In Wyoming, the BLM manages about 18 million acres of public lands and nearly 43 million acres of federal land with mineral deposits.

There are a few other what-if scenarios, though not many, for coal companies could also pursue.

Under the proposed rules, a coal company could apply for a lease for new coal mining or seek an amendment to the land use plan that could permit more mining. But there’s a review process that considers the changes to the land use plan for the Buffalo Field Office.

“That’s a lot of ifs,” Purdy said.

The litigation that led to Thursday’s 2041 deadline has been complicated by several factors.

Earlier this year, a federal appeals court in San Francisco lifted a longstanding moratorium on federal coal leasing in Wyoming and elsewhere.

Despite this appeals court ruling, the U.S. Department of the Interior began an environmental analysis of the effects of burning coal from public lands.

Simply put, the Montana ruling effectively answers this question.

According to BLM, the agency has selected the “no leasing alternative.”

Wyoming Under Attack

Purdy explained that the proposed land use plan amendment assumes that the state’s coal mines have collectively enough federal coal leased to meet forecasted production levels until 2041.

The coal industry has been getting hit with a run of bad news headlines of late.

Last month, the U.S. Environmental Protection Agency issued environmental rules designed to regulate coal and natural gas-fired power plants out of existence over the next decade and undermine Wyoming’s economy.

On May 9, Gordon filed a pair of lawsuits challenging the rules that push the relevance of coal as a revenue stream to the backburner in America.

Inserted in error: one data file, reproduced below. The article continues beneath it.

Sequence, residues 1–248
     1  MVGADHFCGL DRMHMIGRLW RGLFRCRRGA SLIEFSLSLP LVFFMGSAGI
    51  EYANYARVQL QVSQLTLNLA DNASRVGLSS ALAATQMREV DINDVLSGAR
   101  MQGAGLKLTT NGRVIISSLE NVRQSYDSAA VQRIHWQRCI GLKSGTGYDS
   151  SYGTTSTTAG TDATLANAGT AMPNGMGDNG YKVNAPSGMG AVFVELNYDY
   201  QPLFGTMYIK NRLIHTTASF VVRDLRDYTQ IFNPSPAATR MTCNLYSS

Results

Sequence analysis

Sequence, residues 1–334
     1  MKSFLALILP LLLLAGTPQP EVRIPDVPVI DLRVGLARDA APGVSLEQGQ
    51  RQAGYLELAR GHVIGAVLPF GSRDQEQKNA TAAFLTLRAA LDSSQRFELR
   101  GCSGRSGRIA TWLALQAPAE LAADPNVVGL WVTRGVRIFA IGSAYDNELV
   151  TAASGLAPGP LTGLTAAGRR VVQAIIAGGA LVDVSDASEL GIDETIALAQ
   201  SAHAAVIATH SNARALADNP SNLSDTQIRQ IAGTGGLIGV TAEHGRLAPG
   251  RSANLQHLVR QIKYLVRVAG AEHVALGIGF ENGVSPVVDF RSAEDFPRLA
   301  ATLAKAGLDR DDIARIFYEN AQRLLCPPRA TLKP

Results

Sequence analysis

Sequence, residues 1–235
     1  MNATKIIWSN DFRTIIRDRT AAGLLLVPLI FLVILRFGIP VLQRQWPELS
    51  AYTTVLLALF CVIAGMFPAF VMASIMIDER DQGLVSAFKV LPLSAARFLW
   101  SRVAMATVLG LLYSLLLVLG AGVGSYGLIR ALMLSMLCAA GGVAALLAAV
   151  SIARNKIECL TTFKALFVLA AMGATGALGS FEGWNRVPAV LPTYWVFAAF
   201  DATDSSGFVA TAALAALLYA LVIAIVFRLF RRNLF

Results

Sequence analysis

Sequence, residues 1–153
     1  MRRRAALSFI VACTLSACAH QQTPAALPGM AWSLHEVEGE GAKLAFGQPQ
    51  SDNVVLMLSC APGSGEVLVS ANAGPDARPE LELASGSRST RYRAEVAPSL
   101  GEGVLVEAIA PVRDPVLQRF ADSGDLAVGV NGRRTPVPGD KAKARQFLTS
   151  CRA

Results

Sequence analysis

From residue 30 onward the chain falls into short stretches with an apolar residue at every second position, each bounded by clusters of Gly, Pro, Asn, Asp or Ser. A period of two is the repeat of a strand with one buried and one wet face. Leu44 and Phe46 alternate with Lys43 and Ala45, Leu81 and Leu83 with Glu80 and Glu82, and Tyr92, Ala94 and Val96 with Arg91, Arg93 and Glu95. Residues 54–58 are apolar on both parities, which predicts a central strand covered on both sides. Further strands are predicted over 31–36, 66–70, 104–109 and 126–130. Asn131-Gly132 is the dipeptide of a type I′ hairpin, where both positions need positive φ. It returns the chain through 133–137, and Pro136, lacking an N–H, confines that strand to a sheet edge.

The industry also has been hit with projections about cuts in coal production expected this year out of St. Louis-based behemoths Arch Resources Inc. and Peabody Energy Corp., with overall coal volume in the first three months of the year being down more than 20%.

Coal leasing on federal land in the PRB has brought in billions of dollars in revenue to Wyoming and its coal mining industry, as it supplies roughly 40% of the thermal coal needed by power plants owned by electric utilities in the United States.

The 12 active surface coal mines within the Buffalo Field Office produced about 220 million short tons of federal coal in 2022, down from 446 million tons in 2008.

Travis Deti, executive director with the Wyoming Mining Association, told a state Senate panel last week that the state’s severance tax rate for coal should be reduced from 6.5% to 6% as a way to maintain coal production and save jobs.

“These are tough times,” he said at the hearing last week.

Deti told Cowboy State Daily that the severance tax collection from coal companies was reduced two years ago from 7% to 6.5%, equating to about $9 million less in taxes.

In 2023, Wyoming collected a total of $185.8 million in severance taxes from the coal industry.

Due to production cuts out of the Powder River Basin, Deti’s group hopes to push for the 0.5% cut in the severance tax in next year’s legislative session.

Pat Maio can be reached at

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Pat Maio


Pat Maio is a veteran journalist who covers energy for Cowboy State Daily.